Targeted therapies are drugs that find and attack cancer cells by targeting a specific, unique feature of the cancer cell, such as an abnormal mutation or protein that isn’t found in normal, healthy cells. Some of these drugs are in the form of a pill, taken orally; others are delivered by intravenous (IV) infusion.
The targeted drugs used for ovarian cancer work in different ways, such as:
- Inhibiting cancer cells’ ability to grow new blood vessels to feed the tumor
- blocking the ability of cancer cells to repair themselves, allowing them to die
- Interrupting the signals that tells cells to grow and multiply
Approved targeted therapies for ovarian cancer include Bevacizumab, Olaparib and Rucaparib.
We also test ovarian cancer tumors to determine each cancer’s unique genetic profile. OmniSeq Comprehensive, a molecular test developed at Roswell Park, tests the tumor’s DNA and RNA to identify genetic alterations caused by the cancer, which are actionable, meaning there is a drug or anti-cancer agent available that targets that specific genetic mutation. This test looks at 144 potential mutations in all. Patients can then be matched with a targeted therapy or a clinical trial that offers a new agent that is personalized for their tumor’s genetic profile.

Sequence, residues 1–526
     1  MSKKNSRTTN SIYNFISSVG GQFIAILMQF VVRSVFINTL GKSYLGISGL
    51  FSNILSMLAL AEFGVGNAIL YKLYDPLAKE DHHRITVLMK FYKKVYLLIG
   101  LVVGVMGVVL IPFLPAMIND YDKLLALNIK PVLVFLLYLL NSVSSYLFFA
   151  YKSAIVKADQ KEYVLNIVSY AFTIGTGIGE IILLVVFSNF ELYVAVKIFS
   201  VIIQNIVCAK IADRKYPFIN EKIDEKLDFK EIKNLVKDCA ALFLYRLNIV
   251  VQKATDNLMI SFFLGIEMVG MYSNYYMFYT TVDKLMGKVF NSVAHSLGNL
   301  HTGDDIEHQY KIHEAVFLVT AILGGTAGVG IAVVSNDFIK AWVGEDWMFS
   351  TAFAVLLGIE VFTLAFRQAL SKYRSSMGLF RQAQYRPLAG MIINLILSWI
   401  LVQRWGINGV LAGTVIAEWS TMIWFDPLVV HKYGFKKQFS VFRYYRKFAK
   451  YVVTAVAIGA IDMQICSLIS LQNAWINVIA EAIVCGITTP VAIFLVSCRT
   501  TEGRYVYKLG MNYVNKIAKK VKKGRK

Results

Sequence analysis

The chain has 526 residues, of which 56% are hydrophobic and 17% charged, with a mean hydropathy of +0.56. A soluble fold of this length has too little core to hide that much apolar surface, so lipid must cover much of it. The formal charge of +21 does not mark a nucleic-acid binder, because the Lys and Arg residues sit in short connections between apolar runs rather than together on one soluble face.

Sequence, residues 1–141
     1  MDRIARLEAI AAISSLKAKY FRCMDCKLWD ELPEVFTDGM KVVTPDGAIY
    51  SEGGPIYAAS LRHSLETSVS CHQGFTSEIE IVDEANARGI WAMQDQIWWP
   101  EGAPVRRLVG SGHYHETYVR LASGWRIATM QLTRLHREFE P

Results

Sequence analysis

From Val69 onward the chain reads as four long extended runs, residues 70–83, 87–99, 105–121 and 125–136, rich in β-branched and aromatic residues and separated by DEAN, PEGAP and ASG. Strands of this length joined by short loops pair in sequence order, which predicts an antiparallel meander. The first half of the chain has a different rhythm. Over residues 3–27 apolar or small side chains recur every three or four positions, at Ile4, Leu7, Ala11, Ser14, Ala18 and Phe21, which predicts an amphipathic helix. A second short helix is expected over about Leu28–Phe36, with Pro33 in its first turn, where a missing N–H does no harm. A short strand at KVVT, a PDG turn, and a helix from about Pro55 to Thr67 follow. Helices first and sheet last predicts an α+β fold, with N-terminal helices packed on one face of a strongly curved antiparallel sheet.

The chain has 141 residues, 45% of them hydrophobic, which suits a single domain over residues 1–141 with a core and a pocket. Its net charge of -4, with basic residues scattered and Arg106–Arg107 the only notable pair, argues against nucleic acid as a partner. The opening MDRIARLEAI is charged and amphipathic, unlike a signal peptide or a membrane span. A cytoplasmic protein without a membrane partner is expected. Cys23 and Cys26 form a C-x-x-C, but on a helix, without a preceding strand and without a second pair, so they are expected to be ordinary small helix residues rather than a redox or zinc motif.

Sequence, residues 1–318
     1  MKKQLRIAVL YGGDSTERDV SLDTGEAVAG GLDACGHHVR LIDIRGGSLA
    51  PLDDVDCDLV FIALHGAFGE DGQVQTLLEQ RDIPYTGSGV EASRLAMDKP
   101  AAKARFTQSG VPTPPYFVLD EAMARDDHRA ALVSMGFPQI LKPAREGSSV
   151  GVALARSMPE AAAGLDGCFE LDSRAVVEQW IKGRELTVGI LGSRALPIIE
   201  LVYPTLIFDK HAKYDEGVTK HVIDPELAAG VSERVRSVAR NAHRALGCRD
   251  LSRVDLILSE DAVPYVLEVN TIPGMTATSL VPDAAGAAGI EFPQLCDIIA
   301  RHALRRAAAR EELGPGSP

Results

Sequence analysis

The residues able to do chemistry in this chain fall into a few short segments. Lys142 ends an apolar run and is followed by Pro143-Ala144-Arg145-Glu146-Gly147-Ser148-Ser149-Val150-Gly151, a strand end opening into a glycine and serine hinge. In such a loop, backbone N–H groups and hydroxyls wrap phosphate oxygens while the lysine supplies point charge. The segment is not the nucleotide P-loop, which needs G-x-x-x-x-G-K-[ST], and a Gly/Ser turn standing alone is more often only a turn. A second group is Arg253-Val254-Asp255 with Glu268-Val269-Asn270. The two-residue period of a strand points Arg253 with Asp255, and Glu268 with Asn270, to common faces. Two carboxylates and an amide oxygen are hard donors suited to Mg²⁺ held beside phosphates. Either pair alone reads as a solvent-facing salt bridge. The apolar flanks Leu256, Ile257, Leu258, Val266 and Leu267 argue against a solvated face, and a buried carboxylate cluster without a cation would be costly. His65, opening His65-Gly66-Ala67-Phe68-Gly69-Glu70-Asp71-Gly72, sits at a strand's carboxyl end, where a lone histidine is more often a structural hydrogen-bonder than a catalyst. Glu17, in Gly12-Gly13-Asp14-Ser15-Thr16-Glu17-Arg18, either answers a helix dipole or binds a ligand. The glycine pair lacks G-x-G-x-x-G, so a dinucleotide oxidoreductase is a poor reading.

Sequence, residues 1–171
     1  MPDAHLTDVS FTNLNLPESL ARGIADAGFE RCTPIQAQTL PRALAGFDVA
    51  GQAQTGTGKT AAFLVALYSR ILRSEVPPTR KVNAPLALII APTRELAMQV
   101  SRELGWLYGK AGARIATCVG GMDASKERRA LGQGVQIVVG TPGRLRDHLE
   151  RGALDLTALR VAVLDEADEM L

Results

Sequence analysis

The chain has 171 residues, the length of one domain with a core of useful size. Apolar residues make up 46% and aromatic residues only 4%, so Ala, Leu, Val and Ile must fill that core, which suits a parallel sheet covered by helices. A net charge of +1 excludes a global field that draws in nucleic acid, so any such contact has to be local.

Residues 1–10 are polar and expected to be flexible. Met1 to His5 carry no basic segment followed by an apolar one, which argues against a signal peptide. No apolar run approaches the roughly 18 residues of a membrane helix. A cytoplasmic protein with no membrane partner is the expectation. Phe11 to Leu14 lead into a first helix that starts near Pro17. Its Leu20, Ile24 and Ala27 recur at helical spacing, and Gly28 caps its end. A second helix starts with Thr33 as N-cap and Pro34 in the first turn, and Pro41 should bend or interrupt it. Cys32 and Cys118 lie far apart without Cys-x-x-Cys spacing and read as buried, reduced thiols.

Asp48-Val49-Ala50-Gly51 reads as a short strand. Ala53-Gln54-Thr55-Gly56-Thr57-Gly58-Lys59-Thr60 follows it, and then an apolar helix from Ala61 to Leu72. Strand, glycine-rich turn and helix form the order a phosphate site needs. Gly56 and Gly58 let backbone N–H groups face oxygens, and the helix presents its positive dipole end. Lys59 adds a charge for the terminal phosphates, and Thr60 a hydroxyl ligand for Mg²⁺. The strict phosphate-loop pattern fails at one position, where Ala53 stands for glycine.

Some ovarian cancers rely on female hormones—estrogen and progesterone—to grow. Drugs that block the production or the activity of hormones can help lower the levels of these hormones in the body and slow cancer growth.
Hormone therapy is usually used only in women whose cancer has recurred, not for initial treatment.
- Aromatase inhibitors
- Leuprolide acetate
- Megestrole acetate
Radiation therapy is rarely used in the initial treatment of ovarian cancer, but it may be helpful in patients with bone or brain metastases to prevent fractures or brain swelling. Sometimes radiotherapy is used to relieve pain caused by a metastasis that impinges a nerve.